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Would I get residence/custody?

(14 Posts)
Dildals123 Mon 27-Mar-17 20:59:15

My DH and I are together still, but it is not going great, to say the least.

I work FT, he looks after DS (18m) on a Monday and picks up DD (3) from nursery on Mon, Tue and Wed, on the first two days the pick up is at 3 on Wed at 11.30. On Tue, Wed, Thurs, Fri DS goes to a CM and on Thurs Fri my DD goes to the same childminder.

He quit his job just over a year ago because he wanted to spend more time with the children, he now works flexibly and from home. When the children are ill, he is usually the one who stays home.

This is what we agreed and this is what he wanted.

Now a year in he realises that looking after children is hard work and is, I think, happy to spend more time with them, but also finds it hard work. I am sure every parent with kids these ages can agree to this.

I am now wondering, if we were to get to a divorce, which I hope doesn't happen, would this mean he would get 'custody' or residence, or whatever it is called? I would awful if that happened and it would just be based on the fact that I earn more and therefore it made sense for me to carry on working and the fact that he wanted a life style change. In Sept I went back to work after mat leave and told him I wanted to go down to four days, but he wasn't keen, saying we would lose too much money. If the kids were to live with me I would go down to four days, perhaps hire an aupair (DD is going to school in Sept) or find some good childcare arrangement.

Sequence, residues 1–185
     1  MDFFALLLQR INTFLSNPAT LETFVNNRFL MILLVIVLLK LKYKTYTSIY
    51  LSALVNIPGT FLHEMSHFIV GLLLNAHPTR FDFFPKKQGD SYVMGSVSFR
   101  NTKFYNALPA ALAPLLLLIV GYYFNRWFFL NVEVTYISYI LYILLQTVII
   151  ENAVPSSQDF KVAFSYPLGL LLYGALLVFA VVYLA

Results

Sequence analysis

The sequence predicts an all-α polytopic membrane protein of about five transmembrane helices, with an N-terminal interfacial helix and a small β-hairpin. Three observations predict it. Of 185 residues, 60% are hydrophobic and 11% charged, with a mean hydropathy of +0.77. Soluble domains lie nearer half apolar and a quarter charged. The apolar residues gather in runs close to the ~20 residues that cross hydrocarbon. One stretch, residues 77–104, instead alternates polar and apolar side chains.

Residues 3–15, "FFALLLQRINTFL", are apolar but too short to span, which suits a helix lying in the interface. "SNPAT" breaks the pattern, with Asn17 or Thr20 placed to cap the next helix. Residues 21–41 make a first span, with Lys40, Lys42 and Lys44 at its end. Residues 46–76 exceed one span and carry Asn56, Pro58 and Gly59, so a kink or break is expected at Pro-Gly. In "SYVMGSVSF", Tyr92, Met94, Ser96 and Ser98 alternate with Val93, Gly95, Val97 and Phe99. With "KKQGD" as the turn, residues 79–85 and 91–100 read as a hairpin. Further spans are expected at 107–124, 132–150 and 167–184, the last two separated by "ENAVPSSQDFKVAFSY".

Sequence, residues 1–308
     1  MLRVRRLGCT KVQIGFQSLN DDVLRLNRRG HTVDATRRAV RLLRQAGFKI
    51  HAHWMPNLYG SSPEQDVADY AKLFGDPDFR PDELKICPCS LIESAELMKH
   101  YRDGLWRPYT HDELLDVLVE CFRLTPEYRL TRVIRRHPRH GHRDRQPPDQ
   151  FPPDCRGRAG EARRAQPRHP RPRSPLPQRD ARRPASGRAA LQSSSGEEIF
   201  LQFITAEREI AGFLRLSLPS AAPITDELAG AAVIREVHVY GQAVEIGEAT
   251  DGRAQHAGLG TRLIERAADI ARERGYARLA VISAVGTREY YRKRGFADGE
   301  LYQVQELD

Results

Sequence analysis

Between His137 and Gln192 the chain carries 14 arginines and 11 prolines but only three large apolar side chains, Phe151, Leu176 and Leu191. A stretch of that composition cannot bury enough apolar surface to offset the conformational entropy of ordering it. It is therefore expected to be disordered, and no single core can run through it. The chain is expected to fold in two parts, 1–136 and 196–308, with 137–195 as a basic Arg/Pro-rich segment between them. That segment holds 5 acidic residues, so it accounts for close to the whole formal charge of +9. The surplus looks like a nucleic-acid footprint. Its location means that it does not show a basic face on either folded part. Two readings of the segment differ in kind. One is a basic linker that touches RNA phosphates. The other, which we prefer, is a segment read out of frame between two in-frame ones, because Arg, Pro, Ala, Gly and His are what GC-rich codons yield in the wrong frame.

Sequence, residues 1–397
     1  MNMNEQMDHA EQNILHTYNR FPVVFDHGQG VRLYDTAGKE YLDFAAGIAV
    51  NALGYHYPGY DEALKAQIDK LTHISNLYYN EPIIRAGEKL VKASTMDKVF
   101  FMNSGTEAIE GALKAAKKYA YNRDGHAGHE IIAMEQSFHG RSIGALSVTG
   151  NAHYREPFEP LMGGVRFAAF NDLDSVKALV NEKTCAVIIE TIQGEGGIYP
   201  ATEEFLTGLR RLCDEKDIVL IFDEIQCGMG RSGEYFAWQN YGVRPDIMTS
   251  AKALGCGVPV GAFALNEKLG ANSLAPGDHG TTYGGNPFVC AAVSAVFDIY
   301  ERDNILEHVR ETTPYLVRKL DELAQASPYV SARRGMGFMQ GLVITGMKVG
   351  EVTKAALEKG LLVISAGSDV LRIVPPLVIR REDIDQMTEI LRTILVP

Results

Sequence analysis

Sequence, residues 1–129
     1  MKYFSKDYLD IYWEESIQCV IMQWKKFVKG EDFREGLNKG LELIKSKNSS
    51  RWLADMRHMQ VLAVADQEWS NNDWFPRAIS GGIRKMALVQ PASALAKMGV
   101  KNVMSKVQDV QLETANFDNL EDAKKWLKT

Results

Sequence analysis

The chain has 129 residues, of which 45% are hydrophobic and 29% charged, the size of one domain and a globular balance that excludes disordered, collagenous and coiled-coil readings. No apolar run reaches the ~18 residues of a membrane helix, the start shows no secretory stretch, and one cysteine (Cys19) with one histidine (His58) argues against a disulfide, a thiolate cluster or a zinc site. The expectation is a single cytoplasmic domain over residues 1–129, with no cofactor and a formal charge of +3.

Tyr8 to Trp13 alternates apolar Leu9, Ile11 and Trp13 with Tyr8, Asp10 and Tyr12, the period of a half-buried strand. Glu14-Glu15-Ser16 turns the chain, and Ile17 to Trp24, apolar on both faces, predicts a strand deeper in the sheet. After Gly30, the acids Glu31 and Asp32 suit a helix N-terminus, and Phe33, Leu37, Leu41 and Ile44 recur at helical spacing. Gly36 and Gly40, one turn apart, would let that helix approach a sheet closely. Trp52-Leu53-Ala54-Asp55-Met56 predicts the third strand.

What do you think? Would a judge give me residence over my husband? Arguably he has been the primary carer since September … Or would the mother still have an edge simply because she is the mum and the kids still so young?

BottleBeach Mon 27-Mar-17 21:05:53

Do you think you are unlikely to be able to agree on what should happen? 9 out of 10 parents who separate manage to agree what should happen without needing to go to court.

What arrangements do you think would be best for the children?

I recommend having a look at www.sortingoutseparation.org.uk

SueGeneris Mon 27-Mar-17 21:06:44

I think the emphasis at the moment from the family court perspective is on as close to shared care as possible, or whatever works best for you as a split family to ensure the children get the best opportunity to have a relationship with both parents. I believe you are expected to at least mediate a residence dispute before it goes to court. There tends to be a preference to allow children to continue to live in their home so that may come into it too. I am not a family lawyer though. Perhaps it would help you to think through what the options might be, what changes could be made workwise and who could live where, if it came to it.